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Manpower, Tampa General Embrace the Cloud

Juan Carlos Perez | March 10, 2011
Several companies, including Manpower and Tampa General Hospital, are announcing on Thursday their adoption of Microsoft BPOS applications, pointing to progress the software giant is making in the cloud realm and also to new features and pricing models users would like to see as such software becomes a bigger part corporate IT.

FRAMINGHAM 10 MARCH 2011 - Several companies, including Manpower (MAN) and Tampa General Hospital, are announcing on Thursday their adoption of Microsoft (MSFT) BPOS applications, pointing to progress the software giant is making in the cloud realm and also to new features and pricing models users would like to see as such software becomes a bigger part corporate IT.

Manpower, a global provider of staffing services, says it is saving about US$2.2 million annually now that, since 2009, it has migrated 20,000 employees to Exchange Online from a disparate array of outdated on-premise e-mail systems.

By the end of this year, Manpower expects to have increased that number to 30,000 mailboxes, or about 80 percent of its user base, and finish the migration next year, said Denis Edwards, the company's CIO and senior vice president.

"A challenge we were having was our ability to communicate and collaborate across our operations," Edwards said.

Manpower, which has almost 4,000 local offices in 82 countries, has also transformed the way its employees share information and collaborate globally through the use of SharePoint.

In 2009, with the global economic crisis in full force, Manpower decided to hold its annual senior leadership summit meeting virtually, using SharePoint as the technology cornerstone.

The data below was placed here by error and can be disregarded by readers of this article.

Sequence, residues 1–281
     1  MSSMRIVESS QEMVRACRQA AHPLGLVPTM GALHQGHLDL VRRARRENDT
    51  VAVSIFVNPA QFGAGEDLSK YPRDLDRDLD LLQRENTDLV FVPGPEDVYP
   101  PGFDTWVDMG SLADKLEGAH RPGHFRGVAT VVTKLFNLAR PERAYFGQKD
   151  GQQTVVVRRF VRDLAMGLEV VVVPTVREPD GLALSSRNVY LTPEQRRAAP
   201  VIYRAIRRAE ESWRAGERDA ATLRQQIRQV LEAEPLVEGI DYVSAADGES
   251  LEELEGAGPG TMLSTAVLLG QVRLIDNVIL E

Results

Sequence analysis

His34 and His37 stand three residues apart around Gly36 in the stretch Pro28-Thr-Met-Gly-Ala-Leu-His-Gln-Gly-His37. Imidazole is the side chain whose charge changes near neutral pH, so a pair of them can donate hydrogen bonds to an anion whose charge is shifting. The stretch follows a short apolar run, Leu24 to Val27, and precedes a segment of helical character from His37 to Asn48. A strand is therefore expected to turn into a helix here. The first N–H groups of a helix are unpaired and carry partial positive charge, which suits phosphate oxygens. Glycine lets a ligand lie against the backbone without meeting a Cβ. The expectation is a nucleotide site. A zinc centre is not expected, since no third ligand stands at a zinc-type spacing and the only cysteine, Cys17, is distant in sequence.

Not only did the company save about $1 million by not having to host 175 people from around the world at a conventional in-person conference, but the use of SharePoint during the meeting opened the eyes of many senior managers regarding the possibilities of collaboration software, he said.

SharePoint was used for online chats, document sharing, information exchange, video streaming and message boards.

"It went off without a hitch. No one thought we'd be able to pull this off virtually but our senior management team learned a lot about the value and power of collaboration during that meeting. That was the biggest benefit," Edwards said.

Manpower is looking closely at the next version of BPOS (Business Productivity Online Suite), called Office 365, particularly for its Lync Online component, an upgrade to BPOS' Office Communications Online.

BPOS also includes Exchange Online, SharePoint Online and Office Live Meeting. While the BPOS applications are based on the 2007 versions of their on-premise counterparts, Office 365's components are based on their 2010 versions. Office 365 is currently in beta.

One thing Edwards would like to see Microsoft do with BPOS and eventually with Office 365 is to move the pricing closer to an on-demand, pay-per-use model.

"I'd like Microsoft to just charge me for CPU cycles and the storage I'm using at a point in time, instead of making me pay for a [unused mailbox space]," he said. "I'm really looking for them to evolve into that true on demand pricing model. I know it'll take a while to get there but it's something we continue to push them to do because it will give us the real flexibility we need as customers."

 

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